Life is a series of food chains and for the Scamander Twins, Lorcan always comes on top, the act of devouring his brother in anything and everything, not only thoughtless, but also easy. This was only made worse when the pair was eleven and Lorcan was sorted into Hogwart’s Home for Noblemen. He wore the Sorting Hat like a crown for the few moments it sat atop his head, when a roar suddenly erupted from the old hat – both sealing his fate for greatness and condemning his misfit brother as it echoed through the Great Hall. Gryffindor. The House of glory, of heroism, of chivalry.
And as for Lysander?
It was off to the dungeons.
He sees them sitting together in the library, heads thrown back, tear stained cheeks, having a good laugh. He quickly ducks behind a bookshelf in the Arithmancy section so as to not be seen and he is immediately swamped with the memories of when he used to be the one to make her laugh.
But that was a long time ago. He needs to get it out of his head that she will once again be his. He knows perfectly well that he lost her the moment she became a badger and he a snake.
She runs with a lion now. His twin. His brother. The one who always bested him at everything.
And it kills him inside.
The sweater is currently being stuffed into the bottom of his trunk, rolled up into a tight ball. If it doesn’t remain there until the sun has swallowed the earth whole, he’s going to lick the bottom of his shoe.
On Thursday, he blows up a cauldron in Potions. Ten points from Slytherin for carelessness. One trip to the Hospital Wing to treat the swelling caused by the Bulgeye Potion. When asked, he tells the Matron he had been distracted. By something across the room. And he leaves it at that. He keeps quiet – as always.
What he fails to mention is that the cause of the distraction was his brother’s arm.
It had been wrapped around the shoulders of Lily Potter.
He doesn’t remember the last time he did his laundry. He’s running low when it comes to acceptable clothes to wear but he’ll get to it later. For now he’s fine with rummaging through the dirty pile on the floor of his dormitory until he finds something with the least amount of stains and odor.
Hogsmeade is in two days. He should ask someone to go with him. He should do his laundry so that he has something nice to wear.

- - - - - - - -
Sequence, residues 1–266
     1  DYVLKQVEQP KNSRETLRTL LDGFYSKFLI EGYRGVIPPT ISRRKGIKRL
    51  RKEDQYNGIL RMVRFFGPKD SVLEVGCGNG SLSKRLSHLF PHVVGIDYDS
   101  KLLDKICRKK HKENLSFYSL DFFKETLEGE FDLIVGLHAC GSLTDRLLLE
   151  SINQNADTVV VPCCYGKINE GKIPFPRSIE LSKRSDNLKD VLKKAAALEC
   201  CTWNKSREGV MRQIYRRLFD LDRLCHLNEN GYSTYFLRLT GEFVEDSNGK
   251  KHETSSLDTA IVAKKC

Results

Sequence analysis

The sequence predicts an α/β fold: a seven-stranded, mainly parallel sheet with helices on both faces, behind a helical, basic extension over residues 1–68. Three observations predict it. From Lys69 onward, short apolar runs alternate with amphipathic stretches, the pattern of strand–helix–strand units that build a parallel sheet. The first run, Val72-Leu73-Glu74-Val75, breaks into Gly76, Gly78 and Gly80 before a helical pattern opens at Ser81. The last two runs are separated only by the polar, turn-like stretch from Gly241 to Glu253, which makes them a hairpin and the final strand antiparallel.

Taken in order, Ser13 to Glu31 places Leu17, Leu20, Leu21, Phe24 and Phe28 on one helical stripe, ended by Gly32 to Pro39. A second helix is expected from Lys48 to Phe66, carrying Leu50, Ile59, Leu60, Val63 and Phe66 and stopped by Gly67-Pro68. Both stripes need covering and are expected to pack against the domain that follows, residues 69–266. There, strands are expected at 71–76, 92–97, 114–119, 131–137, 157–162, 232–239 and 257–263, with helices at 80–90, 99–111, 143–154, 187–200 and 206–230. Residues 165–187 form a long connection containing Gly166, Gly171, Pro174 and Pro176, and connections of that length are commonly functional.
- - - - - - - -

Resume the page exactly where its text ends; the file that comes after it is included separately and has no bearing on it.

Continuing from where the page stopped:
He’ll get to it later.
He will. He swears.
Tonight. He’ll do his laundry tonight. Forget the stupid date; he’ll do his laundry tonight.
He should have done his laundry last night.
His quarter of the room is in chaos as he turns the place upside-down, looking for something, anything at this point, to wear to Hogsmeade. So far he has found a clean pair of trousers stuffed underneath his mattress – he does not know how it got there, but he does not question it – however, he has yet to come across a clean shirt that’s suitable for the bitter January air.
He decides to look through his trunk for the third time as a last resort, digging deeper through the rubbish than he had done so previously. And at the very bottom, rolled up into a tight ball, he sees it. And he freezes.
Really he ought to be licking the bottom of his shoe.
Despite his sour mood, he finds himself to be quite grateful for the dim lighting in the Hog’s Head, the obscurity providing proper protection from the bar’s many prying eyes. The table in which he sits is off to the side, unnoticed, and tucked into the corner near the bar where he watches his fellow patrons nurse their booze and fall in love with the infinities of courage and pretty girls it leaves at their very fingertips.
And he’s bitter.
He’s bitter and angry and cold and everything that is the opposite of wonderful and everything that his brother is not because he doesn’t have that alcohol or that courage or that pretty girl. In his underage hand is a butterbeer rather than a firewhiskey because he isn’t charming enough to obtain the latter, and his drink is held in a cold hand attached to an exposed wrist because the sleeves on this fucking sweater are too goddamn short.
His grip tightens around his mug. He finds her across the room with his hurricane eyes, and she’s wrapped in the plum colored wool sweater that hugs her very form and sports a dainty “L”, the script trailing down her chest and following through across her abdomen.
She is beautiful and he can’t have her.
He can’t have her just like he can’t have the firewhiskey. Or the courage to fight for either. Lorcan is the brave one, he always has been, and it’s no use trying to amend the laws of the universe when branded a coward long ago.
And so he glares. He glares because in that moment there is nothing more hypnotizing than the swivel of her hips and he can’t have her. He glares because his butterscotch drink lacks the flame he so desires to drown out all thoughts and he can’t have her. He glares because his sweater is laughable and he didn’t do his laundry so he had no choice but to wear it and he can’t have her.
But most of all he glares because everyone is always comparing everyone with everyone and he is the worst of them all.
Because Lysander Scamander is in fact his own person. He has a scar that outlines the left side of his jaw that is uniquely his. He has an understanding of numbers and formulas and discipline that his brother has yet to master. He has a curve to his shoulders as a result of sinking into the background for far too long. And he has a love that is written on his sleeve and a soul too worn out to fight for it.
He is a boy who is endlessly ambitious and endlessly lazy.
He is a complete mess. And he is a one of a kind.
He comes to this realization as she catches his eye from across the room, from underneath his brother’s drunken arm. Calm water connecting with gray turmoil. They gaze at each other for a moment. And then she smiles.
And maybe, just maybe, it is enough.
A/N: Thanks for reading! I hope you enjoyed it; please let me know what you thought in a review :)